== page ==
It’s a tantalizing recipe because, again, quarks and gluons can’t normally exist on their own, and reconstructing them from the larger particles they build is challenging. “If I give you water, it’s very difficult to tell the properties of [hydrogen and oxygen atoms],” says Bedangadas Mohanty, a physicist at India’s National Institute of Science Education and Research and at CERN. “Similarly, I can give you protons, neutrons, pions…but if you really want to study properties of quarks and gluons, you need them in a box, free.”

This isn’t a recipe you can test in a home oven. In units of the everyday world, the temperature in a hadronic system is about 3 trillion degrees Fahrenheit—100 thousand times hotter than the center of the sun. The best appliance for the job is a particle accelerator. 

But not just any particle accelerator will do. You need to boost your particles with sufficient energy. And when scientists set out to create QGP, LHC was no more than a dream of a distant future. Instead, CERN had an older collider only about a quarter of LHC’s circumference: the Super Proton Synchrotron (SPS).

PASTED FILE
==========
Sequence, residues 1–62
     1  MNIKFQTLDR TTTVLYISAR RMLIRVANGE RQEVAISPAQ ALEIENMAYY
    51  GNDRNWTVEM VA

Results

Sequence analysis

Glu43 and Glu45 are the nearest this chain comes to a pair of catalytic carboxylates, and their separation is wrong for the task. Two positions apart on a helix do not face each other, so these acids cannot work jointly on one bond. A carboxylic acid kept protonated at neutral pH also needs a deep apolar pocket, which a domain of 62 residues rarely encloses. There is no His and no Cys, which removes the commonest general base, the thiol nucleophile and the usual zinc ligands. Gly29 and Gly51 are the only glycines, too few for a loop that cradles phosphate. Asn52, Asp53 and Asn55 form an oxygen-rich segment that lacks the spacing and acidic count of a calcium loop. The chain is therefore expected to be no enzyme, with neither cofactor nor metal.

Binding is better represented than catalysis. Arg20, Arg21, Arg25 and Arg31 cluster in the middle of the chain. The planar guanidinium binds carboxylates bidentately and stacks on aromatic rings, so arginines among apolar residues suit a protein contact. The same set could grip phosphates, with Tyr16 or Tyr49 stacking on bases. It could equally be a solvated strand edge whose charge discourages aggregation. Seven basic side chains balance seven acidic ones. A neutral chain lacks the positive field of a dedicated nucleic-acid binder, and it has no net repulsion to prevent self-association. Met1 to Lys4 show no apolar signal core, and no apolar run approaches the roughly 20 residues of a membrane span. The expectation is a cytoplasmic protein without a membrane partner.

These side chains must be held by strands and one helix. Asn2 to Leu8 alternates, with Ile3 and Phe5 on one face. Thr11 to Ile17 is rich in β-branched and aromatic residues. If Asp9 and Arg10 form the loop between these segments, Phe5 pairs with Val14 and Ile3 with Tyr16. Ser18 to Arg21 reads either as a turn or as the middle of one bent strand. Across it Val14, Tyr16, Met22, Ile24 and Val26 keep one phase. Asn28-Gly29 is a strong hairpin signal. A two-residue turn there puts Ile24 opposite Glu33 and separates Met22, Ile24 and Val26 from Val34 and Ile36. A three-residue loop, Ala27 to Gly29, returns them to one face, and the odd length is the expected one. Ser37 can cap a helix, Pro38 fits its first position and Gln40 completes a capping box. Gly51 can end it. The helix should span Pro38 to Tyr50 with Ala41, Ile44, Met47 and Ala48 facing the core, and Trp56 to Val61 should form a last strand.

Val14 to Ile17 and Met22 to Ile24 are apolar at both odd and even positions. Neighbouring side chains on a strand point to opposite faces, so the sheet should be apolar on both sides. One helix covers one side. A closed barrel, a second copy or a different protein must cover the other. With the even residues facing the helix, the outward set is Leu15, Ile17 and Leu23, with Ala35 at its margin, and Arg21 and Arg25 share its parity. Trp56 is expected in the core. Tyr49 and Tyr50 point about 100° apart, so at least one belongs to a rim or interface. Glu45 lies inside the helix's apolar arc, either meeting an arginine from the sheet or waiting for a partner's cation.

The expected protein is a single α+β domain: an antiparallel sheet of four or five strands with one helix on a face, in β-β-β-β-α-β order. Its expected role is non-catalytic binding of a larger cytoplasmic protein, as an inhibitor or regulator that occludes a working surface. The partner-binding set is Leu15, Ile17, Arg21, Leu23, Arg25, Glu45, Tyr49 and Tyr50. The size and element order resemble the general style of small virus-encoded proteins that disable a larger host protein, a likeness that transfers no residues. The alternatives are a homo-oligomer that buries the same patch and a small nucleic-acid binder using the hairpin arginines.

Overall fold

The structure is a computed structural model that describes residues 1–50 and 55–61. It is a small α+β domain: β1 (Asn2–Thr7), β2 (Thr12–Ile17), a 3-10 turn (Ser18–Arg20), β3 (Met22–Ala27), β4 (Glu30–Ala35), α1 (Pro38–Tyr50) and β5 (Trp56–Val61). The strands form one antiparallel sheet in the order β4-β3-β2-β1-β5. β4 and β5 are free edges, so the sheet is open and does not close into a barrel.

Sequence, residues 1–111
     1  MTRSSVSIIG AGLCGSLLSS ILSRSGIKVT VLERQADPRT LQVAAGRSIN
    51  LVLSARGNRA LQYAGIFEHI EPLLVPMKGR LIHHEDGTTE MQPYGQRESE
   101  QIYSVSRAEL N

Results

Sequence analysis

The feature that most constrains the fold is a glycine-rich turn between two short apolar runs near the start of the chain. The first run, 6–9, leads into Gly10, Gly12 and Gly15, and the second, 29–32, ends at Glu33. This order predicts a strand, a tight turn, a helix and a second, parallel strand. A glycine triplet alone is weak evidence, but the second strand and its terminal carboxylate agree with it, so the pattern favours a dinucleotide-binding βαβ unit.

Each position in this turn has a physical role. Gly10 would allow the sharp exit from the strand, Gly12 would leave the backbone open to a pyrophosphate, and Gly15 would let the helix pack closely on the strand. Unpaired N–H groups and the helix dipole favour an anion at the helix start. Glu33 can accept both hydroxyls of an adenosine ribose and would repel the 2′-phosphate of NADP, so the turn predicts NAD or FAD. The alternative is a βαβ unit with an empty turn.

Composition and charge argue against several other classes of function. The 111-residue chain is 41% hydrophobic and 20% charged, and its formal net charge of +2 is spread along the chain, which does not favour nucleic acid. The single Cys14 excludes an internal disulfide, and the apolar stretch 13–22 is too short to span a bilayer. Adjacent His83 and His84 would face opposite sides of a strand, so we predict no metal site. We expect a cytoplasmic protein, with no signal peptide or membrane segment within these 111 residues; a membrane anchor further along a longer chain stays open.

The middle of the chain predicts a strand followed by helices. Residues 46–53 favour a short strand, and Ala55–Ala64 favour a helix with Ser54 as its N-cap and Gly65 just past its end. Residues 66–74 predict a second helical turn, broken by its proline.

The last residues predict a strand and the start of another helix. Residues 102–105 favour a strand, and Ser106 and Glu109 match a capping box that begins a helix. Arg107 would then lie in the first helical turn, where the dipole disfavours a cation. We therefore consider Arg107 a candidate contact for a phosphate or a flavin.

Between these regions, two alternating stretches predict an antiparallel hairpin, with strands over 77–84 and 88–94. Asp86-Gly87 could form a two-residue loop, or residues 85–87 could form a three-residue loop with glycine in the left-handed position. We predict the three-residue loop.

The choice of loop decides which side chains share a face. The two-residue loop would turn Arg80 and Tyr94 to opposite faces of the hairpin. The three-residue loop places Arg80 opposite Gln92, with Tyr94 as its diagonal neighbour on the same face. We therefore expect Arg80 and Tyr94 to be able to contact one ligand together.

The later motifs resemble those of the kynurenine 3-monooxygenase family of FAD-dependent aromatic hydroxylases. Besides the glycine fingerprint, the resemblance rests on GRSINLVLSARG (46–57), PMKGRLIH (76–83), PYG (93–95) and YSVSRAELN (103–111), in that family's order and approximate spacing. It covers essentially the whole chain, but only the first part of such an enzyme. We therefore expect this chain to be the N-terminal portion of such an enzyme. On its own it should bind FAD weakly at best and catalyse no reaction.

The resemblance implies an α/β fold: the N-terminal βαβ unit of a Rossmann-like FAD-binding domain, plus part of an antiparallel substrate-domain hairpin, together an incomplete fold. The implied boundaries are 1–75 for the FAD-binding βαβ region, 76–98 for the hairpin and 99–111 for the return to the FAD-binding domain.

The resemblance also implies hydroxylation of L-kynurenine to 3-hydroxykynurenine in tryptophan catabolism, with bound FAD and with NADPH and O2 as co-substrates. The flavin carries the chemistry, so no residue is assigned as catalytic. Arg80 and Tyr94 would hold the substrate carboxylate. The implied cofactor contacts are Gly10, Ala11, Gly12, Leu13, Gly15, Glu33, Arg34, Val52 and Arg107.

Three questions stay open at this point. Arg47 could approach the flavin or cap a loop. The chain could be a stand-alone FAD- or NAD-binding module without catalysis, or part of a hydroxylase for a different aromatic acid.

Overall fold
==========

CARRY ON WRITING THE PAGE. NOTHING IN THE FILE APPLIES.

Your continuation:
As its name suggests, SPS was designed to crash protons into fixed targets. But by the end of the 1980s, scientists had decided to try swapping out the protons for heavy ions—lead nuclei—and see what they could manage. In experiment after experiment across the 1990s, CERN researchers thought they saw something happening to the nuclei. 

“Somewhat to our surprise, already at these relatively low energies, it looked like we were creating quark-gluon plasma,” says Marco van Leeuwen, a physicist at Dutch National Institute for Subatomic Physics and at CERN. In 2000, his team claimed they had “compelling evidence” of the achievement.

For the brief flickers for which the quantum matter exists in the world, physicists can watch the plasma materialize in what they call “little bangs.”

Across the Atlantic, CERN’s counterparts at Long Island’s Brookhaven National Laboratory had been trying their hands with equal parts optimism and uncertainty. The uncertainty faded around the turn of the millennium, when Brookhaven switched on the Relativistic Heavy Ion Collider (RHIC), a device designed specifically to create QGP.

“RHIC turned on, and we were deeply within quark-gluon plasma,” says James Dunlop, a physicist at Brookhaven National Laboratory.